STEM Education and Cybersecurity: Does the UK Do Enough?

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Cybersecurity

Teaching science, technology, engineering, and maths (STEM) has been part of the UK national curriculum since its inception in the 80s. It came into sharper focus after a report in 2002, with more funding for students and teachers.

The UK’s cybersecurity market is the biggest in Europe, valued at £8.3 billion. Yet there is still a big skills shortage with 43 percent of tech leaders saying they had a deficit in recruiting in the field.

Is the focus on STEM enough to boost cybersecurity professionals in the country? Can the focus on STEM lead to better cybersecurity professionals?

Let’s explore the evidence.

STEM is embedded into education early

The UK National Curriculum focuses on STEM and computer science early. Starting in Key Stage 1 (KS1), students are taught the basics of algorithms and data representation.

Within the requirements for children as young as five years old is a basic understanding of passwords and reporting problems to adults. As students progress, they’re introduced to taking more responsibility for their online security, too.

Imparting this knowledge early on, in conjunction with learning about computers and the internet in general is vital. The more aware people are of cybersecurity in general, the safer they will be.

Having a focus on STEM and computing from a young age ensures that people who go on to work in every sector of the economy know the basics – how to read a URL, what a phishing attack is, how important using a VPN like Surfshark is, etc.

As students grow older and learn about critical thinking, following processes, and analysing anomalies, they’re also being armed with skills to keep them and their employers secure online.

Programmes like CyberFirst from the National Cyber Security Centre and STEM Learning from the University of York also give more tools for students and educators to be informed about cybersecurity. They are integrated into wider programmes and so become a natural part of education rather than a subject that can feel dense with talk of hacking and networks.

Employers recognise the benefits of a STEM-focussed education

Even with a strong STEM programme throughout compulsory education, the lack of graduates to fill jobs is still there and growing.

In a 2018 government study, employers said that they were able to recruit from the wider STEM pool of graduates – “Students from other STEM disciplines also develop specific skills and a type of mindset that is applicable to the cybersecurity field” the report said.

By working within the scientific method that a STEM-related degree offers, it’s easier to train people to be cybersecurity professionals. Clearly, the training offered by British universities is helping to make it the hub of online security that we noted earlier.

The report went on to say, “In recruiting graduates, most employers not only look for technical skills and basic knowledge of cybersecurity but also want other more rounded competencies including interpersonal skills, such as team working, problem-solving abilities, good writing skills, among others.”

The STEM education being offered to students is making sure they are ready to be part of a cybersecurity workforce that is going to shape the future of the economy. Bolstering the workforce with savvy employees and consumers is a huge benefit to cybersecurity.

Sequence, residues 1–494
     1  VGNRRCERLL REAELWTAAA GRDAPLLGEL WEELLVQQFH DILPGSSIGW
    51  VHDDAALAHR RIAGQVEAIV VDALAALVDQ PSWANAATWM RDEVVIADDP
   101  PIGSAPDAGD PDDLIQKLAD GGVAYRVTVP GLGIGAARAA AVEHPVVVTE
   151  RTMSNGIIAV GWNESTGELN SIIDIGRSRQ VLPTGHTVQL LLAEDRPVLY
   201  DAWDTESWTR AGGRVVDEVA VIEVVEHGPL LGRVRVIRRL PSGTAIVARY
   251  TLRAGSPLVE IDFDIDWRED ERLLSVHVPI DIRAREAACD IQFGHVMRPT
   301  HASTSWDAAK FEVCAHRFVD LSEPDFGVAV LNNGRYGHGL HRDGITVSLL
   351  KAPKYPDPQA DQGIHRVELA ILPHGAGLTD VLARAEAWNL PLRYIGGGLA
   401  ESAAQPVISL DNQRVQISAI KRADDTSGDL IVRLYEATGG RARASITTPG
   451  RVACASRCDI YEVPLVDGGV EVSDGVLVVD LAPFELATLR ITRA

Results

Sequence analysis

STEM graduates crossover into computing jobs

In the UK at least, there are few cybersecurity undergraduate degrees. In fact, as of 2022, there are only 19 undergraduate courses that are specifically for cybersecurity. That’s an increase on the six noted in the government report we looked at earlier, but still low.

However, when we look at Master’s courses, the choice for graduates nearly doubles, with 35 MScs or MAs in the subject.

For students to get on to these courses, general computer science and STEM education is needed. We’ve seen already that the industry sees the benefits of general scientific education and universities do too.

In more general terms as well, this data from the American Census Bureau shows us how STEM graduates feed into the general path of computer workers in the USA.

Image Source: US Census Bureau (filtered by computer workers)

The data doesn’t break down into how many of those computer workers are in cybersecurity, but it’s estimated that there are 1.2 million cybersecurity jobs in the USA and 3.72 million jobs in IT in general, to give some perspective.

Clearly, STEM education in general contributes to a country with a well-developed cybersecurity awareness and skill level.

Does STEM really do enough to boost cybersecurity?

Some argue that STEM and universities, in general, aren’t doing enough to train graduates for the workplace.

In the USA, university education can lean towards theoretical rather than hands-on training that would be the preserve of vocational colleges with the education system. However, the UK’s higher and further education institutions work closely with industry to produce the right skills.

Although there are people skilled enough to fulfil cybersecurity roles, in general awareness of online security is still lacking. A report at the end of 2021 showed that only 27% of respondents understood the security risk in their online activities.

Yes, the UK has STEM and cybersecurity embedded in the education system and produces quality workers who can take roles in the field. That knowledge and awareness are still waiting to filter through to the wider workforce, though.